Four Eras of Data

16.12.19 07:43 AM By S.Swaminathan

I loved this article by Jeff Leek on how the era of data has evolved over time.

  1. The era of not much data This is everything prior to about 1995 in my field. The era when we could only collect a few measurements at a time. The whole point of statistics was to try to optimaly squeeze information out of a small number of samples - so you see methods like maximum likelihood and minimum variance unbiased estimators being developed.
  2. The era of lots of measurements on a few samples This one hit hard in biology with the development of the microarray and the ability to measure thousands of genes simultaneously. This is the same statistical problem as in the previous era but with a lot more noise added. Here you see the development of methods for multiple testing and regularized regression to separate signals from piles of noise.
  3. The era of a few measurements on lots of samples This era is overlapping to some extent with the previous one. Large scale collections of data from EMRs and Medicare are examples where you have a huge number of people (samples) but a relatively modest number of variables measured. Here there is a big focus on statistical methods for knowing how to model different parts of the data with hierarchical models and separating signals of varying strength with model calibration.
  4. The era of all the data on everything. This is an era that currently we as civilians don’t get to participate in. But Facebook, Google, Amazon, the NSA and other organizations have thousands or millions of measurements on hundreds of millions of people. Other than just sheer computing I’m speculating that a lot of the problem is in segmentation (like in era 3) coupled with avoiding crazy overfitting (like in era 2).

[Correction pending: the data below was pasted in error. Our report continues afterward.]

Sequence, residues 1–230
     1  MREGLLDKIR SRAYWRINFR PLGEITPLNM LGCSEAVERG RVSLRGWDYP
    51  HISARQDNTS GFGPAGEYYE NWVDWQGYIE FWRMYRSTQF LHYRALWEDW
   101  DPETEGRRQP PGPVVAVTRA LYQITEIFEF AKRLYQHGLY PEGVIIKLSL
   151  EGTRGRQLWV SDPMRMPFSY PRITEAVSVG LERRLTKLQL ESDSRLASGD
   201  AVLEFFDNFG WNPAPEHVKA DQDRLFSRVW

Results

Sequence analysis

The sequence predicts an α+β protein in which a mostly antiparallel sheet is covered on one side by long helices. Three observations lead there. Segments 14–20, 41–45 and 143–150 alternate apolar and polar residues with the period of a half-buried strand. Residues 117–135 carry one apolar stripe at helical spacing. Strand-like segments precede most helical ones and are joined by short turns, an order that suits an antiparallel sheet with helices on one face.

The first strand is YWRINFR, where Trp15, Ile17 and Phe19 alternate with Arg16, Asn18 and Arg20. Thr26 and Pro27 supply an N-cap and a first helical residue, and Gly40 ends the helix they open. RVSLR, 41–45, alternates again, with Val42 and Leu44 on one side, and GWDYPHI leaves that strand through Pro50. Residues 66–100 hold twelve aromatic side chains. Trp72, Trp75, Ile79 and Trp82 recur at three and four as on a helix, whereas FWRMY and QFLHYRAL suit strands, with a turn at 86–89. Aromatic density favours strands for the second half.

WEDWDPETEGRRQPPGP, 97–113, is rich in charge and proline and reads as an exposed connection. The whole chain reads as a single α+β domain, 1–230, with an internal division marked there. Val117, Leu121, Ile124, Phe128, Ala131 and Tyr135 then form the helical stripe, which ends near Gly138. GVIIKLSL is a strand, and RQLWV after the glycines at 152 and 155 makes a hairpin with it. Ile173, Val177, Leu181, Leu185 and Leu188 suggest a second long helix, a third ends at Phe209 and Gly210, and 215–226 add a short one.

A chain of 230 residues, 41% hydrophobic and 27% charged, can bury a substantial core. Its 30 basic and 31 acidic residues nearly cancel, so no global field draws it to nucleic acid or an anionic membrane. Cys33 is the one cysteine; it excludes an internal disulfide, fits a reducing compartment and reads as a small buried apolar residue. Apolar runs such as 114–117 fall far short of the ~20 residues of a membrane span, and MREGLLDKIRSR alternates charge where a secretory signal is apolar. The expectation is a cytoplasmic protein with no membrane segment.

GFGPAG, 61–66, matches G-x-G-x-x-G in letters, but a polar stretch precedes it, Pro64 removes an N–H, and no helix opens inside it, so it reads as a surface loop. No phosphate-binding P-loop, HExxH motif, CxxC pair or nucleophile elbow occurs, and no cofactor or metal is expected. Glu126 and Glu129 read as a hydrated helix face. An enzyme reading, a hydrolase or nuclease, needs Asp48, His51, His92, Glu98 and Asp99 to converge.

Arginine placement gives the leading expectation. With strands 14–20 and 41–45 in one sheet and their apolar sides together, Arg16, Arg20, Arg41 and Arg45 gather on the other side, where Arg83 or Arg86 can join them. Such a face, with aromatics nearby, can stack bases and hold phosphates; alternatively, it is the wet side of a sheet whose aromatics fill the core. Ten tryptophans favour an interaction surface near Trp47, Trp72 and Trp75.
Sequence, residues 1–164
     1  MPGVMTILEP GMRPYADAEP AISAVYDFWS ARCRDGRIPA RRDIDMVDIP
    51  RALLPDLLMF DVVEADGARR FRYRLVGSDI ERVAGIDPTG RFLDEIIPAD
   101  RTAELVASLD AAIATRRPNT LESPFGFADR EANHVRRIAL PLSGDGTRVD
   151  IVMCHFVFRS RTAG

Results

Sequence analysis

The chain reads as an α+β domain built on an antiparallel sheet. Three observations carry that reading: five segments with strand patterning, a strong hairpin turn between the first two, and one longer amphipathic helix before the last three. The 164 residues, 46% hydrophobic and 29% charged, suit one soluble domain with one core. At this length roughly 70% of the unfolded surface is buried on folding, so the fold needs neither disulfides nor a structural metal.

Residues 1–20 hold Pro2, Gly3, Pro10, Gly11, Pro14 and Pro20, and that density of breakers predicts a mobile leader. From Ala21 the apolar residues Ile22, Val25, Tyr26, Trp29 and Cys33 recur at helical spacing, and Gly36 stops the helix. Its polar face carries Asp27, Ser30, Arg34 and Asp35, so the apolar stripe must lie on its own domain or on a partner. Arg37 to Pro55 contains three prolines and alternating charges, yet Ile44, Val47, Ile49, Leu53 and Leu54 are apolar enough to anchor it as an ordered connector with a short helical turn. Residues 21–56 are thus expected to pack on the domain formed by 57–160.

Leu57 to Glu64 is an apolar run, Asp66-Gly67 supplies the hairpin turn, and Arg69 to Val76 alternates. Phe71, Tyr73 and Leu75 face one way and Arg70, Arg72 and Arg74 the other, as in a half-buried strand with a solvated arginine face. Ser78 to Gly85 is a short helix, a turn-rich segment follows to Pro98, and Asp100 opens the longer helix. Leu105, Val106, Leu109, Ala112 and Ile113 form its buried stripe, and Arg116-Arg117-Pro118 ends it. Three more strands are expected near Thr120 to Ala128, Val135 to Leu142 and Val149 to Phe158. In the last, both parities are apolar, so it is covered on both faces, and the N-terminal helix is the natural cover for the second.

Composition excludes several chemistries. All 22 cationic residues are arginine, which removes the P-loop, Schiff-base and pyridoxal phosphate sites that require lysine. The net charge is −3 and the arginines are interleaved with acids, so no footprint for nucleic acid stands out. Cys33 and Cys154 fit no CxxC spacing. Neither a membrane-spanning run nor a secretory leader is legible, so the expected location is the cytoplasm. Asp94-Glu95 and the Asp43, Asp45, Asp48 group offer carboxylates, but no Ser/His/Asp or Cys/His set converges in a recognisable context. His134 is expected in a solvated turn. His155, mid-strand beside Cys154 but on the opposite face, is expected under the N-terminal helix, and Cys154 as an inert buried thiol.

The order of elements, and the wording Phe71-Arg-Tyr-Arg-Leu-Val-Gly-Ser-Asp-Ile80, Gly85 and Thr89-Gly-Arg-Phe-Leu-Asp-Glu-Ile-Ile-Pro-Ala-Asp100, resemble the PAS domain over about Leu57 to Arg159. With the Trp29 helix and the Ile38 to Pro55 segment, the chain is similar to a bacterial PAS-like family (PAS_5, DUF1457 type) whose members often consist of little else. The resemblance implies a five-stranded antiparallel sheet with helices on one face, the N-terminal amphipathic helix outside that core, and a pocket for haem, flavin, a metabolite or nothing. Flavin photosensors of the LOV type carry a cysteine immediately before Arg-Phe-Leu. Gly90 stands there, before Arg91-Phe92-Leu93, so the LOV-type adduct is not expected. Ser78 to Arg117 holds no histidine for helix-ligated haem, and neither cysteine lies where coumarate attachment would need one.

What is interesting to me is that how this will impact the world of analytics thro' application of new methodologies like AI and Machine Learning is one thing. The other one that I see is that how does this 'mass of data that is being generated' represent the right population that one is developing insights on. There is a lot of potential biases that can happen given the kind of people who have access to the net.

So, the future is about an era of mixing lot of samples offline along with a lot of data that is being generated online. The power of data fusion techniques will be required to build meaningful insights and predictive actions by various industries across the world. 



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